Best 40 minutes of (one's) concert-life? You may need to get out more! Sonny Rollins is a "good boy"... So what does that make Wayne in the Saturday context? As I said, the fantastically overblown and frankly pompous noodling was nothing to write home about. Looks like the age-old Jazz problem of engagement/emotionality as against detached, Ivy League intellectualism. Give me Dexter Gordon or Charlie Parker any day...

Ok, it's not necessary to link the concert to Steve Jobs in any way, it wasn't sold out, and it wasn't part of the London Jazz Festival (which is in November). And of course Wayne Shorter "has nothing to prove". I mean...

Perhaps it wasn't necessary to mention Steve jobs, but it was the author's review and therefore his right to mention what he wanted to. I received at least two emails from Serious noting that the concert was sold out - what 's your primary evidence for saying that it wasn't? Oh - and I enjoyed the concert - challenging as it was in sections.

Don't understand the spat about whether it was sold out - I can assure you it was, if that is important to you. And no wonder. PC is spot on - for those of us who have followed Wayne over the years, this was absolutely spellbinding, mesmerising, and played at such a level of intensity time flew by. Wayne goes places way beyond most musicians, constantly changing, twisting and turning. This is not jazz with its quaint head and solos, this is four musicians playing simultaneously in the most brilliant, interlocking way, pushing and pulling each other to places impossible to predict at any moment. It is modern, abstract art, created right in front of you, and it is beautiful. Words can't really capture it.

hear hear - I assure you; it was sold out - I was first in the return queue.

Big name draw, long painful drawl ... inaccessible, Did you really enjoy it? If Wayne hadnt been there would you have tolerated it? Easily the worst jazz concert I have been to ... and I fear the last jazz outing my wife will ever make.

Sorry about your wife and to top it off she probably missed "Strictly" on the telly to please you. Easy tunes? No, Shorter could not be shorter on that. Accessible concert -look at what he has done before: this is hardcore stuff. Shorter is showing possibilities -listen to Speak no Evil again if you will.... If you had bothered to prepare for this really special gig one name would come to mind: John Coltrane. Wayne Shorter's quartet is building on what Coltrane's quartet did in the 60s and taking it in an amazing direction. Obviously it is demanding to sit through 40 minutes of continuous exploration if that is what is not expected, but a real jazz-concert is just that -one releases expectations; Shorter's crew certainly did not plan everything on the night and a second encore would be a sign that they were actually quite pleased with the gig and the audience. What you heared in action last saturday was something really special (listen to the BBC-recording in due course if you can) and not that easy to digest; 2 days on I am still reeling... -this from someone who has heard this band in the last decade in Liverpool, Brighton, Amsterdam and Brugge - and if I had the dosh I would go anywhere (Rome, Paris this month) to hear them again.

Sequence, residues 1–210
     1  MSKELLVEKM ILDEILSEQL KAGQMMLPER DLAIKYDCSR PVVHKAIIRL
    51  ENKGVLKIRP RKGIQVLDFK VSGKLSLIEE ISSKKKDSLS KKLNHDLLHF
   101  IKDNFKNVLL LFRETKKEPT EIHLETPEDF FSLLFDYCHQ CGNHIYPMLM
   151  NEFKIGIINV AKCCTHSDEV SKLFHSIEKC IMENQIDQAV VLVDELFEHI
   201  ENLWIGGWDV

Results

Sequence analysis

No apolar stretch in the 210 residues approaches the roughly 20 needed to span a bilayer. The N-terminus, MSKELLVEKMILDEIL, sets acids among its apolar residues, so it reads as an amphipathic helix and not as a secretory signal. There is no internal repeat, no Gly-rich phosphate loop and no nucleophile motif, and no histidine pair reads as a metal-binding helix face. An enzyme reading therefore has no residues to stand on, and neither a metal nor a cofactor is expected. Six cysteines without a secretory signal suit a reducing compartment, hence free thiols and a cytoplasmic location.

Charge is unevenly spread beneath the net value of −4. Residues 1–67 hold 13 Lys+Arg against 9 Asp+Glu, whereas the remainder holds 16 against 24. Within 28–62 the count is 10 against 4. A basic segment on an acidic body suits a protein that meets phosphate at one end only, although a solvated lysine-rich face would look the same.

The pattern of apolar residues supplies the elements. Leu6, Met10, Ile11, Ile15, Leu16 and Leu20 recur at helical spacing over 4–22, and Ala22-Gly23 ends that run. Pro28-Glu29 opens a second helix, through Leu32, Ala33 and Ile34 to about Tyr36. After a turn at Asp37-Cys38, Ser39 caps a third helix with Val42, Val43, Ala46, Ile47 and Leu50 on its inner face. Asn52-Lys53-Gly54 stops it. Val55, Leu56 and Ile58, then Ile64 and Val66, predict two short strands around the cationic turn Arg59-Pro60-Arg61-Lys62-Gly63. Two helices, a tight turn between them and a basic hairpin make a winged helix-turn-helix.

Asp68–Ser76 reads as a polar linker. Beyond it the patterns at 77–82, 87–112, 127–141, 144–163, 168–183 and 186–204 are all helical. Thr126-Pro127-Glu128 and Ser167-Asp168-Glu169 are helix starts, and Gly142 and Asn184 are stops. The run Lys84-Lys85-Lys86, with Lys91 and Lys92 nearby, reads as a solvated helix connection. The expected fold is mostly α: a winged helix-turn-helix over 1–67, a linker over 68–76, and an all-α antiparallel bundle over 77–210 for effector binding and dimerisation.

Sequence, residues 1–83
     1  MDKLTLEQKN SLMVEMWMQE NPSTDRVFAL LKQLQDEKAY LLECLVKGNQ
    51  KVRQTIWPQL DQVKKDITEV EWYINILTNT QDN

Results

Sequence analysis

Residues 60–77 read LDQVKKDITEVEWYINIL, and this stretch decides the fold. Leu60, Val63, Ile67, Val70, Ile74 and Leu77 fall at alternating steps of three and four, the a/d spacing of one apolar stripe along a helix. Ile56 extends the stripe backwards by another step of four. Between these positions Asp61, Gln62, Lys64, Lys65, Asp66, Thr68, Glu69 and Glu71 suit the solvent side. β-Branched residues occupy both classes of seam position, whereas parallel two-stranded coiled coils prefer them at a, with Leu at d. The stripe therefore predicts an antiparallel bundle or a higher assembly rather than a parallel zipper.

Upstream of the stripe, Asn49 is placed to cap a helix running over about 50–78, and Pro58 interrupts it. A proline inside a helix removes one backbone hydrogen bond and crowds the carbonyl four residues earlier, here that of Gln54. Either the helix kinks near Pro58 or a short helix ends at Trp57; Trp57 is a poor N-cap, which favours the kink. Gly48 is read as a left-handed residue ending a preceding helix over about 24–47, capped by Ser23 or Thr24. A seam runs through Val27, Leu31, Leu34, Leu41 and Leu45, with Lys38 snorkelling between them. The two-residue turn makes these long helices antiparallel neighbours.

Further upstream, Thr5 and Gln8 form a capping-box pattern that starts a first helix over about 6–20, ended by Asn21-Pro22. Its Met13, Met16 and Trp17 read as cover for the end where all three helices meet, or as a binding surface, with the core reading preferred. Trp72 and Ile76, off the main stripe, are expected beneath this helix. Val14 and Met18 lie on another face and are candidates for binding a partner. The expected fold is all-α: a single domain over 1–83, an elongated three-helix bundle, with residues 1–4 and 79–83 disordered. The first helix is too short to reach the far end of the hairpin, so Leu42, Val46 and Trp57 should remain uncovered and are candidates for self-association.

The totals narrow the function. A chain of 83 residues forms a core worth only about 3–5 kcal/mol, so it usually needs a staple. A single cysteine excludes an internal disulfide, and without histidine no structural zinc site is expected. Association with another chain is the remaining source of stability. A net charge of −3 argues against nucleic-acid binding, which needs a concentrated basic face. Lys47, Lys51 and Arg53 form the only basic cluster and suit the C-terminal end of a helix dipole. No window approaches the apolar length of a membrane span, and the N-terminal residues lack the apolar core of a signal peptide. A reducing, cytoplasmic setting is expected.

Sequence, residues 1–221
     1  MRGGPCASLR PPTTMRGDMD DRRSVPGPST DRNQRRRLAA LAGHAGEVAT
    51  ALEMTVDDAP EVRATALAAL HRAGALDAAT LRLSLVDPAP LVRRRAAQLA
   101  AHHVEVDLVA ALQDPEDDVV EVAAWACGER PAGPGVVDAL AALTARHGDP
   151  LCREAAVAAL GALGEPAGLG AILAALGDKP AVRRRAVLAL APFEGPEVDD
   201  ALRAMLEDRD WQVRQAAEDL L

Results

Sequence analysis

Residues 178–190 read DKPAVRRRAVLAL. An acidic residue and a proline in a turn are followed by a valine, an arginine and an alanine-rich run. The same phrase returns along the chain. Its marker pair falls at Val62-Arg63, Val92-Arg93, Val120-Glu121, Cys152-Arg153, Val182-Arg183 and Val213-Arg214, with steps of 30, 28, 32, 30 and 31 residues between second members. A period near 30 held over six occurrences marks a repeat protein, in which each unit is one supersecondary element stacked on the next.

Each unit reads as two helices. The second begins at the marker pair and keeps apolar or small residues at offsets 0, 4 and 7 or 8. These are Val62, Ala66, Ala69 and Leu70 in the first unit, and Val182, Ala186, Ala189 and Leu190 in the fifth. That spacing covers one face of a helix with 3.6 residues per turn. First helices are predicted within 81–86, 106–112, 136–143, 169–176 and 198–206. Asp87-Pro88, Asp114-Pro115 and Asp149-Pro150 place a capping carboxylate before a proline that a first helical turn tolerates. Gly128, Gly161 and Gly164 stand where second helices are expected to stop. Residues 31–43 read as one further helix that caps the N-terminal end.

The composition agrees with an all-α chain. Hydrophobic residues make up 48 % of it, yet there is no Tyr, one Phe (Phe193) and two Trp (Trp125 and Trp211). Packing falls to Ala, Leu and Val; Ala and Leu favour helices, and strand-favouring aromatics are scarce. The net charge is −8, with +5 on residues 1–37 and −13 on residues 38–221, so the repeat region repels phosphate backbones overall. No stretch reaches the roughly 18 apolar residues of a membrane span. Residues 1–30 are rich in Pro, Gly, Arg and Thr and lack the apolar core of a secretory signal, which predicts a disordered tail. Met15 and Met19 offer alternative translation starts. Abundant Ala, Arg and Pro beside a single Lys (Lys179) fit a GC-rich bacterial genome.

I found the concert spellbinding, bewildering, beautiful, ecstatic and exciting. Shorter and his musicians demonstrated consummate elasticity, malleability, versatility and inclusivity - they appeared to have assimilated ideas from across Shorter's entire career, and this could be disorienting but it was also tremendously exciting because of the sense of possibility. Ideas from Shorter's Weather Report days of an equal playing field were very much present, but there were also perhaps one or two numbers where the soloist/accompanist division was more in evidence with more perceptible modal changes. And as someone else above has mentioned, there were elements of Coltrane's last group, particularly in the rhythmic language and Brian Blade's drumming - similar to Rashied Ali's - both weightless and intense, concerned more (or just as much) with implying the pulse through duration rather than metre. And I won't pretend there isn't some effort required in following forty minutes of apparently ex nihilo music but won't this always be the case? And I was surprised when I read that it was this long - it felt about half that long. And I was very grateful for the encores - I could have listened to the band all night. I haven't stopped thinking about this concert since it began. Putting aside my above attempts to relate it to other music, I'd never heard music like that before. Shorter and his band has set a very high benchmark for other contemporary jazz or other improvised music to live up to.

Curious response, it seemed to completely divide the audience, which suggests to me that Shorter is on to something. Actually, I think the first posters had a point - this was much more intellectual and less emotional (and even spiritual) than some Shorter concerts, and it's fair to say those involved in music liked it better than the general audience. Which it why it only got 4 stars (do we like the stars by the way - or are they naff?) . But the level of invention and ability was still extraordinary to me. Other reviews published after this one in the FT, Jazzwise etc agreed with me as it happens, but it was more brilliance and less transporting or transcendent than previous concerts. Whoever said it wasn't the London Jazz Fest - that was a mistake and has been corrected. Docheck out the LJF link, anyway.